female filmmaker

Film Review: How to Please a Woman aims for surprising realness over obvious raunch

May 19, 2022

Though its title may suggest it’s a comedy of somewhat raunchy proportions, Renée Webster‘s assured debut feature film How to Please a Woman is a far more accessible, rather delightful dramedy that furthers the female view in a male-dominated industry. Filmed in Western Australia (and looking particularly stunning in the process), Webster’s film centres around […]

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Interview: Director Renée Webster on How to Please a Woman and finding the comedy in truth and pain

May 10, 2022

Having played to sold out festival sessions across Australia, the female-focused dramedy How to Please a Woman is looking to continue its crowd-pleasing success when it opens nationally in Australian cinemas on May 19th. Ahead of its release, Peter Gray spoke with the film’s writer and director, Renée Webster, about its rapturous reception so far, […]

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Film Review: Leah Purcell’s commanding performance steadies the uneven tone of The Drover’s Wife: The Legend of Molly Johnson

May 5, 2022

Lending an air of femininity to the western genre – one so often entangled with a masculine temperament – without compromising its rooted personality, Leah Purcell‘s The Drover’s Wife: The Legend of Molly Johnson is the cinematic incarnation of her penned 2016 stage play and 2019 novel, all inspired by Henry Lawson‘s short story, “The […]

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The Novice clears the finish line in its horrific look at personal achievement: Mardi Gras Film Festival Review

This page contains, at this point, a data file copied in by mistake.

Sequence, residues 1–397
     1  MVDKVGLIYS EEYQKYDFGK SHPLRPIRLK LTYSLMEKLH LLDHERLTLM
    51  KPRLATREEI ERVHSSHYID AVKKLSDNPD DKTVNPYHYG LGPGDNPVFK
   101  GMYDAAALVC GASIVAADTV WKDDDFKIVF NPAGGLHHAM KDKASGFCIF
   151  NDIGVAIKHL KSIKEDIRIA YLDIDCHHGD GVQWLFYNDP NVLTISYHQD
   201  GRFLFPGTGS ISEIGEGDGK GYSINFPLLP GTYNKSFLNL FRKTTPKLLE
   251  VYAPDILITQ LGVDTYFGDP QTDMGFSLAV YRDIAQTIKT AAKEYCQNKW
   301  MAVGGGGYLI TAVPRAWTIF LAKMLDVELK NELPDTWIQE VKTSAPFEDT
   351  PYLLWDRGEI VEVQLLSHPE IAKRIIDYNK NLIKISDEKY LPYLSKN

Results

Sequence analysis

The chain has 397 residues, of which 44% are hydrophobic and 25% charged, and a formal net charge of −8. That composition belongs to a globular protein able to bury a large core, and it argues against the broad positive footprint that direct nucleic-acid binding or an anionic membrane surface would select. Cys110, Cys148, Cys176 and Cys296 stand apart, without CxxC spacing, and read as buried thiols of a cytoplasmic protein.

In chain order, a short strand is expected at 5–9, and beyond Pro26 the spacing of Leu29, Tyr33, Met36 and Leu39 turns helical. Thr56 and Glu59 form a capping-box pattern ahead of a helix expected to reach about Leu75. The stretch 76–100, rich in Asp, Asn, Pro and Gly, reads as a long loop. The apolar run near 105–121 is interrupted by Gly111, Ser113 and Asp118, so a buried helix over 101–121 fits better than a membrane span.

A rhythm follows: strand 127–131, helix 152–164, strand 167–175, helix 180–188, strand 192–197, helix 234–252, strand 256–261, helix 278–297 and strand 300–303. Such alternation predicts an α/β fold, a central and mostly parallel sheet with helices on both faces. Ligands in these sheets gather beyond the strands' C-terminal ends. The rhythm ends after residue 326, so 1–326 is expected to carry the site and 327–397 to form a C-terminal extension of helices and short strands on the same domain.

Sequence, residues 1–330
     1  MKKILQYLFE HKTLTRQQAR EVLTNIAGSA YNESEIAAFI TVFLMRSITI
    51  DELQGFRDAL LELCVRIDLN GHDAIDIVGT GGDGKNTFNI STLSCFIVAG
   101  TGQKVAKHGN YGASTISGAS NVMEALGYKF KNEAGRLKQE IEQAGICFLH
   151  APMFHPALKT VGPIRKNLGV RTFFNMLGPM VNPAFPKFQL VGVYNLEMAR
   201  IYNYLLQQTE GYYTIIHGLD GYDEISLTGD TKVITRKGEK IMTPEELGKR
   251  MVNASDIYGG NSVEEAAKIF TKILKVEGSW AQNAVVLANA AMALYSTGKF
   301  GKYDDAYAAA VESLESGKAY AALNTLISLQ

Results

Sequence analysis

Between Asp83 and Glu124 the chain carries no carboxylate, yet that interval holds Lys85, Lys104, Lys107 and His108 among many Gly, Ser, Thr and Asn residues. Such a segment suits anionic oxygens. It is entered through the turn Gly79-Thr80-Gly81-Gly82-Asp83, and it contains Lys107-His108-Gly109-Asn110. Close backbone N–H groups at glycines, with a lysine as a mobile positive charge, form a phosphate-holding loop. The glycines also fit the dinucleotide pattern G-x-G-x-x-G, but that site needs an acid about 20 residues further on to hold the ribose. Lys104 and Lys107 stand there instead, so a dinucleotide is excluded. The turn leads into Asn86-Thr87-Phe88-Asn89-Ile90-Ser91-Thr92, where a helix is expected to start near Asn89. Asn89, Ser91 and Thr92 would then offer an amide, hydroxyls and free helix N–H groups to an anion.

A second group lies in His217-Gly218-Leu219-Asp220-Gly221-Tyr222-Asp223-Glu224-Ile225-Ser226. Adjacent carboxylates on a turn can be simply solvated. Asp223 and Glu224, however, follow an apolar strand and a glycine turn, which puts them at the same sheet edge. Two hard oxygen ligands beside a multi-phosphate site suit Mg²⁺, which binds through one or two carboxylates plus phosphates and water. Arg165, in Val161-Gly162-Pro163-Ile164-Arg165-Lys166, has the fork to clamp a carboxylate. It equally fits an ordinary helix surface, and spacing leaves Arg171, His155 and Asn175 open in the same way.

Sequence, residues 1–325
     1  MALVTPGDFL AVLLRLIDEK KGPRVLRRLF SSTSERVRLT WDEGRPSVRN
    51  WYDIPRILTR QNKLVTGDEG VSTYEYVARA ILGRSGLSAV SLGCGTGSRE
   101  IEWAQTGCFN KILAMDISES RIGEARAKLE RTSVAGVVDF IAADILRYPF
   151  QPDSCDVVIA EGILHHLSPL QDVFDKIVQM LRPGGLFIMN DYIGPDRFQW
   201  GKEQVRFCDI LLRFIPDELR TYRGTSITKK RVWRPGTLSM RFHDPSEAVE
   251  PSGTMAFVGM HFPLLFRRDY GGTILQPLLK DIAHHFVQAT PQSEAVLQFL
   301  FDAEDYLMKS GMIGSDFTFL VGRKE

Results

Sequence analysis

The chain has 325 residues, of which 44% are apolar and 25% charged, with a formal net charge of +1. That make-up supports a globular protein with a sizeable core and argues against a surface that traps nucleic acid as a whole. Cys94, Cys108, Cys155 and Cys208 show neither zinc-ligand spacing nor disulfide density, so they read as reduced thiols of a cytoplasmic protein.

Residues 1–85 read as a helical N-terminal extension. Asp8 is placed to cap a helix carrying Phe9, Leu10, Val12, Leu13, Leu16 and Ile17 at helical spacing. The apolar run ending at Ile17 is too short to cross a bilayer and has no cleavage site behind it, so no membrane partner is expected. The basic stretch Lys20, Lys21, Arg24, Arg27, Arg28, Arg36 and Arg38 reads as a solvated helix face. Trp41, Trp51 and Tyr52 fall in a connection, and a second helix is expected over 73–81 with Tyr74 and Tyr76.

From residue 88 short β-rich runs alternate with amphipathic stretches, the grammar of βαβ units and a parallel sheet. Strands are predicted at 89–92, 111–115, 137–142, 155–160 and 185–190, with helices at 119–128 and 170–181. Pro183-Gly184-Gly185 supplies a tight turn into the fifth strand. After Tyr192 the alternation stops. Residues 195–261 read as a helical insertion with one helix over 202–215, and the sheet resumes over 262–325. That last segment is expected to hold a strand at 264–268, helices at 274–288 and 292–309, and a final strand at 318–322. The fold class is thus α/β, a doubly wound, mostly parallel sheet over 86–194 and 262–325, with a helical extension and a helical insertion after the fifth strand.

February 21, 2022

Though presented in the guise of a character drama, The Novice is very much a psychological thriller detailing the compulsive, obsessive need one can hone in their attempt to perfect their field of interest.  For the central figure in Lauren Hadaway‘s dark effort, Alex Dall (Isabelle Fuhrman, dedicating herself wholeheartedly to the role, both physically […]

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Good Luck To You, Leo Grande is an intelligent sex-positive comedy headlined by a career-best Emma Thompson: Sundance Film Festival Review

January 23, 2022

Whilst there’s no surprise revealed in the fact that Emma Thompson truly deserves to be considered one of the greatest living actresses working today, it’s always appreciated when a performance solidifies such a statement.  And in the deliriously charming and strikingly emotional Good Luck To You, Leo Grande, Thompson turns in career-best work that leans […]

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Film Review: The Novice is unrelenting in its depiction of striving for physical perfection

December 16, 2021

Though presented in the guise of a character drama, The Novice is very much a psychological thriller detailing the compulsive, obsessive need one can hone in their attempt to perfect their field of interest.  For the central figure in Lauren Hadaway‘s dark effort, Alex Dall (Isabelle Fuhrman, dedicating herself wholeheartedly to the role, both physically […]

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Pleasure is a cold, calculating film detailing the politics of the sex industry: Sydney Film Festival Review

November 4, 2021

After introducing itself as a film that promises there’ll be no sugarcoating its subject matter – the first thing we hear are the audible moans and verbal berating from a pornographic film, and the first thing we see is the extremely graphic imagery of a young girl’s privates in the shower – Ninja Thyberg‘s confronting […]

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Titane is an auto-erotic body horror oddity focused on the specifics of sexual identity: Sydney Film Festival Review

November 4, 2021

Similar to how Jordan Peele, Robert Eggers, Jennifer Kent, and Ari Aster all secured their place in the annals of genre cinema with their debut offerings, Julia Docournau‘s bold cannibalistic horror effort Raw cemented the French filmmaker as a name to pay consistent attention to.  And just as those aforementioned auteurs all swung big with […]

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Film Review: Disappearance at Lake Elrod overcomes genre familiarity with an emotional edge

November 4, 2021

Though there’s perhaps a few too many “missing kid mystery” tropes adhered to in Disappearance at Lake Elrod – the grieving mother, the potentially corrupt police, the buried secrets coming to life – writer/director Lauren Fash injects enough character development and psychological complexity for it to get away with it. Centred around the disappearance of […]